The Prince's Bride ~~ Victoria Alexander

The Prince's Bride by Victoria Alexander
Once upon a time there was a young debutante of means who dreamed of marrying a prince. So she traveled to London to become...

As a poor but proud young lady, Jocelyn Shelton had but one dream: to marry a prince and bring comfort to herself and her family. Now circumstances bring her to London, where her charms could make her wish come true. But her rendezvous with royalty is dangerously interrupted, and she finds herself rescued -- and thoroughly kissed -- by Rand, Viscount Beaumont ... a daring man in the service of the king. />
To protect her life, Rand whisks her away to the countryside, and to defend her reputation, he agrees to marry the willful beauty. Lady Jocelyn is hardly his first choice as a bride, but beneath her fiery nature he uncovers a tender vulnerability and a sizzling passion. But Rand is keeping a shocking secret-one that, when revealed, could either shake her belief in him or make her realize that it takes more than blue blood to be a true prince.
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Time Period
  • 19th Century
  • Regency
  • England


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Review from The Romance Reader:

It's a lofty abmition, to be sure. Jocelyn Shelton has had but one dream since girlhood, however: to marry a prince and escape the genteel poverty brought about by her rakish fther and his reckless gambling habit. Oh, her circumstances have changed for the better since her father's passing and her brother's recent marriage, but Jocelyn still clings to that dream of a life of leisurely priviledge with the assurance--mayhap arrougance-- that such will be her fate. After all, of the four sisters, Jocely is hte pretty one--and as such, she's expected to make a match of unparalleled greatness.

Prince Alexei Pruzinsky, first in line to the throne of Avalonia, a small principality in Europe, would appear to be such a match. His visit to England is steeped in the mystery of politics and matters of state, yet his interest in Jocelyn is as clear as a bell. Indeed, the ton has taken notice of the said interest and fair waits with bated breath for a proposal--or something equally delicious, nay, scandalous to happen. Although it's only her first season, Jocelyn is confident of her allure and Prince Alexei's intentions. Why, they could be naught but honorable! His request for a private assignation that very evening, therefore, is greeted with delight--and perhaps a touch of naivete. Her family is distrustful of the Prince and warns Jocelyn to be wary: the man is a rake, a rogue. Their advice fails to prevent Jocelyn from sneaking away from the ballroom, however, and into the arms of destiny.

After overhearing a strange conversation between two men in the music room (where Jocelyn was meant to rendezvous with Prince Alexei), her life is inexplicably put at risk. Her eyesight is abominable--and vanity precludes her from wearing spectacles--so Jocelyn is uncertain of the men's identities. When she tries to excuse herself from the room wiht a smile and an apology--her eavesdropping was inadvertent, after all--the threat to her life is made very, very clear. A knife narrowly misses its aim and imbeds itself in the wood of the doorframe; Jocelyn mutes a startled scream; and Viscount Beaumont, a faithful man of the English crown, charges to Jocelyn's rescue (and kisses her silly in the process). It wouldn't be wise to attract undue attention and the lady was about to scream bloody blue murder.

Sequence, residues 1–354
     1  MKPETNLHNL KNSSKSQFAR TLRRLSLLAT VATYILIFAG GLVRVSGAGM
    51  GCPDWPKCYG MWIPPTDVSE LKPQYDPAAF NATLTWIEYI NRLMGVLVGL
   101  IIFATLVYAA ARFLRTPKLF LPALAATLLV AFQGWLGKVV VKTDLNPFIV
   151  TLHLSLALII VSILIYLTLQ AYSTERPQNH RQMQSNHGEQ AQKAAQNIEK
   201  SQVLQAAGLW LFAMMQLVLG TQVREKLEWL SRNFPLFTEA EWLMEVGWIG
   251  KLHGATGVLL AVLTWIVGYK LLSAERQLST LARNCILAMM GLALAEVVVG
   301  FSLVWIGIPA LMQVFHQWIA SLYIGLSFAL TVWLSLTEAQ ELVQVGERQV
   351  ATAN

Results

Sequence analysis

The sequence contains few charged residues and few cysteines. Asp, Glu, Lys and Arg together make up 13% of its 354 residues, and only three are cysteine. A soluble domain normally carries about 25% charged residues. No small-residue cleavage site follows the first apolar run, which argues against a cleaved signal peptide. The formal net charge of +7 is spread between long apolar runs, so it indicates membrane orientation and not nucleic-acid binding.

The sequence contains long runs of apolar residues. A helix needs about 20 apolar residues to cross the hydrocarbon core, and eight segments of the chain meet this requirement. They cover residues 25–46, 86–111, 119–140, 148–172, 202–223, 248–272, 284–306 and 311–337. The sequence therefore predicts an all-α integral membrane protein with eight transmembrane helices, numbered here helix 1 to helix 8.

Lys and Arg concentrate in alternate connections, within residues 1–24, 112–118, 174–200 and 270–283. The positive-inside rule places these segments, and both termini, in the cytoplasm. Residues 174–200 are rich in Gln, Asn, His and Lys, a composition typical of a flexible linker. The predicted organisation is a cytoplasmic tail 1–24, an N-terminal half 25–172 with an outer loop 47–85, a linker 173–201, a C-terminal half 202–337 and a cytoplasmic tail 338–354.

For Jocelyn and Rand (Viscount Beaumont), it's an unusual courtship to say the least. As a friend of her guardian--and her sister's betrothed--Rand is a man Jocelyn instinctively trusts. But marry? Never! Necessity is often cruel, however. With the threat of bodily harm hanging over her family ( and after another unsuccessful attempt on her life) Jocelyn is forced into hiding; and Rand, with his mysterious connections to the government and espionage work, is thought to be her most suitable protector. In order to avoid a vicious scandal, however, Jocelyn and Rand must first wed. Thus, Jocelyn's dream of marrying a prince is crushed into dust. Will this spoiled beauty learn to love the princely handsomeness, dedication and honor her husband? Or will that nebulous threat to Jocelyn and Prince Alexei gain the upper hand?

THE PRINCE'S BRIDE is a whimsical historical romance with a strong hint of fairytale glamour. Avalonia is obviously a creation of the author's imagination; there's also a sweetness, an innocence to Ms. Alexander's prose that's reminiscent of a fable or fairytale. The "conspiracy" or "threat" surrounding Prince Alexei is a convenient plot device, yes, but a forgivalbe one as Jocelyn and Rand are a delightful duo who need such contrivance to bring them together. They're not unlike oil and water when first they do meet. It was also lovely to observe Jocelyn's metamorphosis from a spoiled, vain debutante to a young woman who realizes her self-worth is more than skin deep. Rand's background is left purposefully vague--and I must admit I shred Jocelyn's frustration with his failure to be forthcoming. I was pleased Ms. Alexander avoided concocting a Big Mis, however, to separate the hero and heroine. Although Jocelyn and Rand have their Share of miscommunications, they're never blown out of proportion
Raised in genteel poverty, a girl always dreamed of marrying a prince but she is forced to marry her guardian's friend, an ex-spy, instead. They both have to disregard their assumptions. A little overly dramatic but kind of cute with the character deve
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